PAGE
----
Before Middle Ear Surgery

You are having surgery on your middle ear. This sheet can help you get ready. If you have any questions, be sure to get answers before your procedure.

Preparing for surgery

Follow your healthcare provider's advice. Be sure to:

  • Schedule a presurgery checkup if one is needed.

  • Take antibiotics or other medicines if they are prescribed.

  • Tell your healthcare provider what medicines you take. This includes over-the-counter drugs, herbs, and supplements. Ask if you should stop taking certain medicines before surgery, particularly any that may cause increased bleeding.

  • Tell your healthcare provider if you have a pacemaker.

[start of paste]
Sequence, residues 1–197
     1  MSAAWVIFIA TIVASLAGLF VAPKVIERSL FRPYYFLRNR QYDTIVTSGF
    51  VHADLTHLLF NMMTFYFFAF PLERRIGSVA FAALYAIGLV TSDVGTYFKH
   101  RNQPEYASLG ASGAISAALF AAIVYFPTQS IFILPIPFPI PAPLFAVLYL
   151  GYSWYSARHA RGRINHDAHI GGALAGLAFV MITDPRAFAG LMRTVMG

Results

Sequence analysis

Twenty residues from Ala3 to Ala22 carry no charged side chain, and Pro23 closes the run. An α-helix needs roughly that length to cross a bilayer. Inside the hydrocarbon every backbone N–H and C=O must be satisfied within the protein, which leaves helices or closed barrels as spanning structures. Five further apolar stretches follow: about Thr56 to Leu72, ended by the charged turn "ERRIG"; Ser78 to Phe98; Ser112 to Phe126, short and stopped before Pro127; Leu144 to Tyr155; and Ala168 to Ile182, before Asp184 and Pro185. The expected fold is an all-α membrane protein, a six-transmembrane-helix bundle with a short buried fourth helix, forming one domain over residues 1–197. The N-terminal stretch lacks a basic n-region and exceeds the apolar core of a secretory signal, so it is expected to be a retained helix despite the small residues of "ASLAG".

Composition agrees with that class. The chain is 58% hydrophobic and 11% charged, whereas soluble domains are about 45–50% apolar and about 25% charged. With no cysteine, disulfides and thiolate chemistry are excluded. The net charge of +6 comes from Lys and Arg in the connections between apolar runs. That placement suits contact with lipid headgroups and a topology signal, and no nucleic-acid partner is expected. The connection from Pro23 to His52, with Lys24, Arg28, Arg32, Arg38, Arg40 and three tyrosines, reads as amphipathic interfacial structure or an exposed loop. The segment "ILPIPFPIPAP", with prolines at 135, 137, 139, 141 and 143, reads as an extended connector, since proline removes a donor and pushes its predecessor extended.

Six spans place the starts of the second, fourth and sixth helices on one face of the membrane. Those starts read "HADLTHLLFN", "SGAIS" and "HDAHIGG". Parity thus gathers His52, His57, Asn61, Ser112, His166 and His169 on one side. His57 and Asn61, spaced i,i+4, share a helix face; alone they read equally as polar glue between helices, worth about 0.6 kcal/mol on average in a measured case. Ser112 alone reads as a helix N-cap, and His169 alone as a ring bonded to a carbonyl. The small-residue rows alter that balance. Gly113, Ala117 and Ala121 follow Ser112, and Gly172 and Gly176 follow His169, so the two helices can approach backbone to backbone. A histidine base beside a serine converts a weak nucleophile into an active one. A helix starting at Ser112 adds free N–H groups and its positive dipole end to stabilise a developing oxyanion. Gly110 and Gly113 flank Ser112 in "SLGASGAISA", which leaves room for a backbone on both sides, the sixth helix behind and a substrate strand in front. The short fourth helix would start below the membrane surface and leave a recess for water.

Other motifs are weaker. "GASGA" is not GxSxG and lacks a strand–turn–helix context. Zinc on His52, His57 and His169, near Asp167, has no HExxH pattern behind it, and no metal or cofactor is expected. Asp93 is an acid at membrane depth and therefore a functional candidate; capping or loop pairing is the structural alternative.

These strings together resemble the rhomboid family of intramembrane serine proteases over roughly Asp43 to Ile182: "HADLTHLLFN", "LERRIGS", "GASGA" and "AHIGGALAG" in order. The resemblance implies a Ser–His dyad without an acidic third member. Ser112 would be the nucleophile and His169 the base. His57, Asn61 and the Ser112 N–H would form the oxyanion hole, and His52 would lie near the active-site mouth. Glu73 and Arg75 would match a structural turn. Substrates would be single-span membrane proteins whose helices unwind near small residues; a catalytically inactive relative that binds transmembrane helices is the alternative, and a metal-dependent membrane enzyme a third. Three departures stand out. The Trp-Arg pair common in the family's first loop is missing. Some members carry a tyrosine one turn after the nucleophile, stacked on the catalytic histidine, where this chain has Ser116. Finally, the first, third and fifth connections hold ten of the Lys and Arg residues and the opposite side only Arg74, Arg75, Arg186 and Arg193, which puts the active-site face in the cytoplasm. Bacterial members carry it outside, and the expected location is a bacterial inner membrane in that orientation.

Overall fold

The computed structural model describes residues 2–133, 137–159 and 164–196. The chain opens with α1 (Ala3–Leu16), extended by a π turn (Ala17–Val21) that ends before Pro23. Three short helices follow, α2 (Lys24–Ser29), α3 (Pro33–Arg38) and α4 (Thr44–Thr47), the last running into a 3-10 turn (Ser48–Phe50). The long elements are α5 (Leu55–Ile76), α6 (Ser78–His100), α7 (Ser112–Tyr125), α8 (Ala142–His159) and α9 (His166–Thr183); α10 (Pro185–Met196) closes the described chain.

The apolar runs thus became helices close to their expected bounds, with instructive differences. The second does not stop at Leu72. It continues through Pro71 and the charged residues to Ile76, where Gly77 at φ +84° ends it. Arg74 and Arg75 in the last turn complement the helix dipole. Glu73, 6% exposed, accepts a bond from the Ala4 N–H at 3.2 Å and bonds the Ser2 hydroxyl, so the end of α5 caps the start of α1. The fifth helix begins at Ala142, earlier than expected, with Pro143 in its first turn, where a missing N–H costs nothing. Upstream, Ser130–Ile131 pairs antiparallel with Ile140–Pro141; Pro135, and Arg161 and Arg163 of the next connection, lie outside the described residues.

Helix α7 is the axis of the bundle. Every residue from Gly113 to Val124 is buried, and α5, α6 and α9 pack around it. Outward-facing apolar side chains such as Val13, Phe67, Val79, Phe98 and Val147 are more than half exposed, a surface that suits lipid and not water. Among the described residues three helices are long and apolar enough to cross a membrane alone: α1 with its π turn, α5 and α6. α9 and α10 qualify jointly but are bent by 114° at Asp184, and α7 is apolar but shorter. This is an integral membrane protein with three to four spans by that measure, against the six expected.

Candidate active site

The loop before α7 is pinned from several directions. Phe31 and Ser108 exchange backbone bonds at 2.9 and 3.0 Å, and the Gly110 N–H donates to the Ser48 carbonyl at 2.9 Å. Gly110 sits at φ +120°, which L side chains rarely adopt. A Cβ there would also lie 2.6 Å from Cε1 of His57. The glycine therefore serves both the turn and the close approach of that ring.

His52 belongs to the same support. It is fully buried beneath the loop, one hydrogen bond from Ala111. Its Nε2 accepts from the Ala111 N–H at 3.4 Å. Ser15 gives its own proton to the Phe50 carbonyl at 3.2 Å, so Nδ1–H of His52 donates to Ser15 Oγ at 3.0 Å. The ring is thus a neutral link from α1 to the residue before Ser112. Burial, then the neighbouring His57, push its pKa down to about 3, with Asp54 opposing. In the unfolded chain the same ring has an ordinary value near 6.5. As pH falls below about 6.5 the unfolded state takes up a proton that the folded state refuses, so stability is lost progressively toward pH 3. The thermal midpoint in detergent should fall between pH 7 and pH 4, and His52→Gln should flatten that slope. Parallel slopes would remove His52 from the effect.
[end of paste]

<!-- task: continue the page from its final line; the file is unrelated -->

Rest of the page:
• Alert your healthcare provider if you have any allergies. This includes medicine, latex, and anesthesia.

  • Arrange for an adult family member or friend to drive you home after surgery.

  • Follow any directions you are given for not eating or drinking before surgery.

About anesthesia

Anesthesia is a type of medicine. It keeps you from feeling pain during surgery. You will likely have one of the following:

  • General anesthesia. This puts you into a state like deep sleep during the surgery.

  • Local anesthesia with sedation. Local anesthesia numbs the area of surgery. Sedation makes you relaxed and sleepy. You will be awake during surgery or sleep lightly. But you will feel no pain.

Risks and possible complications of middle ear surgery

All surgeries have risks. For middle ear surgery, these include:

  • Infection

  • Failure of a graft (patch, often made of tissue), resulting in a hole in the eardrum

  • Failure of a prosthesis (manmade replacement part)

  • Further hearing loss (including total hearing loss), ringing in the ears, or dizziness (total hearing loss is rare) 

  • Facial droop

  • Numbness of the outer ear

  • A change in your sense of taste

  • Dry mouth